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New Delhi: The State Bank of India has refused to disclose any communication it received from the government or the Reserve Bank of India on electoral bonds, terming it “personal information” and held in “fiduciary capacity”.

Responding to an RTI filed by Pune-based activist Vihar Durve who had demanded copies of all letters, correspondence, directions, notifications or e-mails received from the RBI or any government department between 2017 and 2019, the SBI said it cannot be provided by it.

The bank cited two exemption clauses under the RTI Act to deny information — Section 8(1)(e) which pertains to information held in fiduciary capacity and Section 8(1)(J) which pertains to personal information of a person which has no link to any public activity.

 

“Information sought by the applicant cannot be disclosed as it is in fiduciary capacity, disclosure of which is exempted under Section 8(1)(e) and 8(1)(j) of the RTI Act, 2005,” the Central Public Information Officer of the bank said in his reply.

The bank also refused to give any details of action taken by it on such communications from the RBI and the government.

The electoral bonds, for giving donations to political parties, are being sold through SBI only. The sale opens in SBI branches when the Finance Ministry issues a notification of their sale for a given period.

The scheme of electoral bonds notified by the Centre in 2018 has been challenged in the Supreme Court.

Only the political parties registered under Section 29A of the Representation of the People Act, 1951 (43 of 1951) and which secured not less than one per cent of the votes polled in the last general election to the House of the People or the Legislative Assembly of the State, shall be eligible to receive the bonds.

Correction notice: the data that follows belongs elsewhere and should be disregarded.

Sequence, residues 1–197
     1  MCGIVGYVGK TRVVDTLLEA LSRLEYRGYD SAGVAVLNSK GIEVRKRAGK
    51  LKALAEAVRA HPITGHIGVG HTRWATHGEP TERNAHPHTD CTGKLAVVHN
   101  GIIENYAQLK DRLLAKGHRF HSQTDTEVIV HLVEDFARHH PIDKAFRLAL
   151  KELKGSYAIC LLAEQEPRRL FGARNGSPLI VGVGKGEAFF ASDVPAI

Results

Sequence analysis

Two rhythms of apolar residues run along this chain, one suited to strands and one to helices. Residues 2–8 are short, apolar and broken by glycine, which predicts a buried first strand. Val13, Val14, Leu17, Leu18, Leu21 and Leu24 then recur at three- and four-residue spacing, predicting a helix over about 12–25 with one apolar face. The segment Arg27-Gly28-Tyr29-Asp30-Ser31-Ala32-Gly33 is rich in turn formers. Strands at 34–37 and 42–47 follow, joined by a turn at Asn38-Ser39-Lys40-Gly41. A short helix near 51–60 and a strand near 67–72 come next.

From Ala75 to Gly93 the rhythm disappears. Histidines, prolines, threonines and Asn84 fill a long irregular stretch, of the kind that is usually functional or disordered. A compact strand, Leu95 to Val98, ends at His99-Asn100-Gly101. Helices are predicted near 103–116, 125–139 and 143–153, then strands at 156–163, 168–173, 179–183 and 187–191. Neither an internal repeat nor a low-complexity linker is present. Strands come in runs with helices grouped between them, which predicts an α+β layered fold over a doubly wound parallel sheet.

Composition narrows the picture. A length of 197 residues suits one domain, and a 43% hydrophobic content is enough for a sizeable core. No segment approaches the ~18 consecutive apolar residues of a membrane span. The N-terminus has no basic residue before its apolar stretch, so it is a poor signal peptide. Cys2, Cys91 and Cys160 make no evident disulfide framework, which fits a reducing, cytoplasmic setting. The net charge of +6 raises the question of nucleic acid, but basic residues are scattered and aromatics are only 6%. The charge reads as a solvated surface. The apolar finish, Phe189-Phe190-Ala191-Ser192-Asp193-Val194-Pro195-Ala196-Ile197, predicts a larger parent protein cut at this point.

The bonds may be purchased by a person who is a citizen of India “or incorporated or established in India,” the government had said in a statement last year.

The bonds remain valid for 15 days and can be encashed by an eligible political party only through an account with the authorised bank within that period only.

A voluntary group working in the field of electoral reforms, Association for Democratic Reforms (ADR), has demanded a stay on the sale while the CPI(M) has challenged it before the Supreme Court in separate petitions.

ADR recently filed an application in the Supreme Court seeking a stay on the Electoral Bond Scheme, 2018 which was notified by the Centre in January last year.

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Walmart’s Flipkart, Indian startup GOQii settle dispute over sharp discounting

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New Delhi: Walmart unit Flipkart has settled a legal dispute with an Indian startup that alleged it suffered losses because its products were sharply discounted on the global retailer’s website.

GOQii, a seller of smartwatch-type health devices, sued Flipkart last month in a Mumbai court, alleging its devices were discounted by around 70 per cent to the retail price, much more than the two sides had agreed. The court had, as an interim measure, ordered device sales to be halted on Flipkart.

In a joint statement , the companies said the dispute had been resolved and GOQii health devices would again be available on Flipkart. They didn’t say how the settlement was reached.

 

Vishal Gondal, CEO of GOQii, told Reuters the company would withdraw the case against Flipkart. The e-commerce retailer’s “team worked on a resolution benefitting the brand and the customers”, Gondal said in the statement.

The legal spat was seen as a test case of the giant retailer’s operating strategy in the country.

Small traders and a right-wing group close to Prime Minister Narendra Modi’s ruling party have raised concerns about large e-commerce companies, saying they burn billions of dollars deeply discounting some products to lure customers onto their sites, in the expectation that they will also buy other goods.

GOQii said it signed an agreement last year with a Flipkart unit to sell two of its devices at a price not below 1,999 rupees (USD 28.63) and 1,499 rupees. It later found the devices were being sold for 999 rupees and 699 rupees, calling it “unauthorized” discounting.

In response, Flipkart said it reserved “the right to institute actions for defamation, both civil and criminal”, arguing it wasn’t responsible for any discounts which are determined by third-party firms which sell via its website.

The two companies struck a friendlier tone in their joint-statement on Friday as they brought the legal battle to an end.

“We have ensured constant engagement with GOQii to resolve any differences,” Flipkart said in the statement.

With a 19 per cent market share, GOQii was the second-biggest player in India’s so-called wearables market last year, data from industry tracker IDC showed. The market is dominated by China’s Xiaomi, with Samsung a small player.